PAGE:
• HIV antibody.
  • Uncontrolled infection.
  • Pregnancy or breast feeding mother.
  Contacts and Locations
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Please refer to this study by its identifier: NCT00133367

United States, Massachusetts
Massachusetts General Hospital
Boston, Massachusetts, United States, 02114
Dana-Farber Cancer Institute
Boston, Massachusetts, United States, 02115
Sponsors and Collaborators
Massachusetts General Hospital
Dana-Farber Cancer Institute
Principal Investigator: Karen K Ballen, MD Massachusetts General Hospital
  More Information

Publications automatically indexed to this study by Identifier (NCT Number):
Responsible Party: Karen Ballen, Principal Investigator, Massachusetts General Hospital Identifier: NCT00133367     History of Changes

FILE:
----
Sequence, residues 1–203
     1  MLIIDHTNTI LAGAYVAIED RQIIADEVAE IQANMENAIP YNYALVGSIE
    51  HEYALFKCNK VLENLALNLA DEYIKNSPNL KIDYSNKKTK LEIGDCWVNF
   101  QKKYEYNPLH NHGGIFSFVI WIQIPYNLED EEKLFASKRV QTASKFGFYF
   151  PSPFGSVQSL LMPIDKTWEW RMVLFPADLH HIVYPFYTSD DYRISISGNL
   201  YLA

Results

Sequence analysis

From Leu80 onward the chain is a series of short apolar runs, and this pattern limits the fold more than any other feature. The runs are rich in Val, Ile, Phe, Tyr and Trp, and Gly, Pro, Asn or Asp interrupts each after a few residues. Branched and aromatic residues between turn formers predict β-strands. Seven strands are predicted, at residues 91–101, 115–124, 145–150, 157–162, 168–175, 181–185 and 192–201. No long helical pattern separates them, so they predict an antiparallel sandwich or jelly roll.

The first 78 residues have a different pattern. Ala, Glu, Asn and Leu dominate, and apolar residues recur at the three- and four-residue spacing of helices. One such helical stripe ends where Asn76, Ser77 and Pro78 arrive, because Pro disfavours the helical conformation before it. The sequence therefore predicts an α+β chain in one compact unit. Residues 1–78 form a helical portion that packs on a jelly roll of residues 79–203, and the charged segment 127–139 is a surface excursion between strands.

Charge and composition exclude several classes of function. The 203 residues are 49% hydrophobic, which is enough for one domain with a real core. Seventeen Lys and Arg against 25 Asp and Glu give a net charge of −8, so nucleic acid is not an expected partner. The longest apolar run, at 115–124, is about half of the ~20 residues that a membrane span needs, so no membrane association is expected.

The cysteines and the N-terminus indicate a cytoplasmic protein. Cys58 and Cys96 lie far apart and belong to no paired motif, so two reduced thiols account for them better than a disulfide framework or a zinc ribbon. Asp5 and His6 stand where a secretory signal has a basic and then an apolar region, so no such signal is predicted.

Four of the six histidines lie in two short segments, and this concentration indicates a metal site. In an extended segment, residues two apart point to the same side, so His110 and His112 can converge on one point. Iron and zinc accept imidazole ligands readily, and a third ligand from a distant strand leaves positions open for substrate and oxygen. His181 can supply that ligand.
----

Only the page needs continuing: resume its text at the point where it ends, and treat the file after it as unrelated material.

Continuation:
Other Study ID Numbers: 05-154
Study First Received: August 19, 2005
Last Updated: July 22, 2016

Keywords provided by Karen Ballen, Massachusetts General Hospital:
Hematologic malignancy
Cord blood transfusion
Graft versus host disease

Additional relevant MeSH terms:
Multiple Myeloma
Lymphoma, Non-Hodgkin
Precursor Cell Lymphoblastic Leukemia-Lymphoma
Leukemia, Lymphoid
Leukemia, Myeloid
Graft vs Host Disease
Hodgkin Disease
Neoplasms by Histologic Type
Neoplasms, Plasma Cell
Hemostatic Disorders
Vascular Diseases
Cardiovascular Diseases
Blood Protein Disorders
Hematologic Diseases
Hemorrhagic Disorders
Lymphoproliferative Disorders
Immunoproliferative Disorders
Immune System Diseases
Lymphatic Diseases
Antilymphocyte Serum
Immunosuppressive Agents processed this record on September 19, 2017